When it comes to powering noise-sensitive analog/RF applications, low dropout (LDO) linear regulators are generally preferred over their switching counterparts. Low noise LDOs power a wide range of analog/RF designs, including frequency synthesizers (PLLs/VCOs), RF mixers and modulators, high speed and high resolution data converters (ADCs and DACs) and precision sensors. Nevertheless, these applications have reached capabilities and sensitivities that are testing the limits of conventional low noise LDOs.
For instance, in many high end VCOs, power supply noise directly affects the VCO output phase noise (jitter). Moreover, to meet overall system efficiency requirements, the LDO usually post-regulates the output of a relatively noisy switching converter, so the high frequency power supply rejection ratio (PSRR) performance of the LDO becomes paramount. With its ultralow output noise and ultrahigh PSRR performance, the LT3042 can directly power some of most noise-sensitive applications while post-regulating the output of a switching converter, without requiring bulky filtering. Table 1 compares the LT3042’s noise performance with conventional low noise regulators.
|RMS Noise (10Hz to 100kHz)||20µVRMS||30µVRMS||33µVRMS||0.8µVRMS|
|Spot Noise (10kHz)||35nV/√Hz||80nV/√Hz||100nV/√Hz||2nV/√Hz|
|PSRR at 1MHz||22dB||55dB||45dB||79dB|
|Minimum PSRR (DC to 1MHz)||22dB||30dB||40dB||77dB|
|Programmable Current Limit||✓|
|Programmable Power Good||✓|
|Fast Start-up Capability||✓|
|Rail-to-Rail Output Range||✓|
Performance, Robustness & Simplicity
The LT3042 is a high performance low dropout linear regulator featuring Linear Technology’s ultralow noise and ultrahigh PSRR architecture for powering noise-sensitive applications. Even with its high performance, the LT3042 maintains simplicity and robustness. Figure 1 is a typical application and Figure 2 shows a complete demonstration circuit. The LT3042’s tiny 3mm × 3mm DFN package and minimal component requirements keep overall solution size small.
Designed as a precision current reference followed by a high performance voltage buffer, the LT3042 is easily paralleled to increase output current, spread heat on the PCB and further reduce noise—output noise decreases by the square-root of the number of devices in parallel. Its current-reference based architecture offers wide output voltage range (0V to 15V) while maintaining unity-gain operation, thereby providing virtually constant output noise, PSRR, bandwidth and load regulation, independent of the programmed output voltage.
In addition to offering ultralow noise and ultrahigh PSRR performance, the LT3042 includes features desired in modern systems, such as programmable current limit, programmable power good threshold and fast start-up capability. Furthermore, the LT3042 incorporates protection features for battery-powered systems. Its reverse input protection circuitry tolerates negative voltages at the input without damaging the IC or developing negative voltages at the output—essentially acting as if an ideal diode is connected in series with the input. In battery backup systems where the output can be held higher than the input, the LT3042’s reverse output-to-input protection circuitry prevents reverse current flow to the input supply. The LT3042 includes internal foldback current limit, as well as thermal limit with hysteresis for safe-operating-area protection.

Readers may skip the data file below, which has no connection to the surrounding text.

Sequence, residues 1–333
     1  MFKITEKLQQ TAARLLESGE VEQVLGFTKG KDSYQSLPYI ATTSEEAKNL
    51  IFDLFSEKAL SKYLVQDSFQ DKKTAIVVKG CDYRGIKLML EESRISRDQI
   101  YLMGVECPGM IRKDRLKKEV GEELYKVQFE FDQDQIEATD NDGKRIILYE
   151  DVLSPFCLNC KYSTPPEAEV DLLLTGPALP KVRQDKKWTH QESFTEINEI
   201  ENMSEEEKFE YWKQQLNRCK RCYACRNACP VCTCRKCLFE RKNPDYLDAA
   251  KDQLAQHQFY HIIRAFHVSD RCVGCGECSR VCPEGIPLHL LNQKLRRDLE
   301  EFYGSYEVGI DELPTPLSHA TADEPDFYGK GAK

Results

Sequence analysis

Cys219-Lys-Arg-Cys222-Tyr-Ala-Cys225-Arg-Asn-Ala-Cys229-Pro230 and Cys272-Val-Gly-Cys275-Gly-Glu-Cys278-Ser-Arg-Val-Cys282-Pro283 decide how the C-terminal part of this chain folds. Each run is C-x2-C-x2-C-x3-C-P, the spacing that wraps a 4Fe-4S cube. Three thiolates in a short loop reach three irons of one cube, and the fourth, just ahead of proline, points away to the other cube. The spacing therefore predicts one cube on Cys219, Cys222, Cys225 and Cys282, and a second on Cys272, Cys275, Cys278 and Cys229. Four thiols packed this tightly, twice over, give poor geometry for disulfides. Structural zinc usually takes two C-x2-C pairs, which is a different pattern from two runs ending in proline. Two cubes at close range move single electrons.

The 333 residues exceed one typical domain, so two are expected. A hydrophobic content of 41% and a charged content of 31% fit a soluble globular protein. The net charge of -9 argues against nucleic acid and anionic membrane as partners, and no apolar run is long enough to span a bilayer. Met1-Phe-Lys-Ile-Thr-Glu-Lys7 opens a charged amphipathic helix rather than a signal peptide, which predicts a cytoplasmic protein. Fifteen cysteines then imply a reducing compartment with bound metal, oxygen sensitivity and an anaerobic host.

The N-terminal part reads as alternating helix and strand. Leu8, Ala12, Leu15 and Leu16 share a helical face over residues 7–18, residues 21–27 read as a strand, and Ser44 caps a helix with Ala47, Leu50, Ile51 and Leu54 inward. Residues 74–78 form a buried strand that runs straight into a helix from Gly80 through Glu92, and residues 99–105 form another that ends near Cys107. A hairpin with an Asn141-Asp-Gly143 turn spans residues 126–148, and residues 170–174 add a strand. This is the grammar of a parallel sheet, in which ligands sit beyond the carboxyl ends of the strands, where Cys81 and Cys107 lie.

Ultralow Output Noise
With its 0.8µVRMS output noise* in 10Hz to 100kHz bandwidth, the LT3042 is the industry’s first sub-1µVRMS noise regulator. Figure 3 compares the LT3042’s integrated output noise from 10Hz to 100kHz to that of the LT1763, Linear’s lowest noise regulator for over a decade. The LT3042’s ultralow noise performance opens up applications that were previously not possible, or otherwise required expensive and bulky filtering components.
The SET pin capacitor (CSET) bypasses the reference current noise, the base current noise (of the error amplifier’s input stage) and the SET pin resistor’s (RSET) inherent thermal noise. As shown in Figure 4, low frequency noise performance is significantly improved with increasing CSET. With a 22µF CSET, the output noise is under 20nV/√Hz at 10Hz. Note that capacitors can also produce 1/f noise, particularly electrolytic capacitors. To minimize 1/f noise, use ceramic, tantalum or film capacitors on the SET pin.
Actively driving the SET pin with either a battery or a lower noise voltage reference reduces noise below 10Hz. Doing so essentially eliminates the reference current noise at lower frequencies, leaving only the extremely low error amplifier noise. This ability to drive the SET pin is another advantage of the current-reference architecture. The integrated RMS noise also improves as the SET pin capacitance increases, dropping below 1µVRMS with just 2.2µF CSET, as shown in Figure 5.
Increasing SET pin bypass capacitance for lower output noise generally leads to increased start-up time. But the LT3042’s fast start-up circuitry alleviates this trade-off. The fast start-up circuitry is easily configured using two resistors; Figure 6 shows the significant improvement in start-up time.
Ultrahigh PSRR Performance
LT3042’s high PSRR* is important when powering noise-sensitive applications. Figure 7 shows the LT3042’s incredible low and high frequency PSRR performance—approaching almost 120dB at 120Hz, 79dB at 1MHz, and better than 70dB all the way to 3MHz. PSRR performance is even better with decreasing load currents, as shown in Figure 8.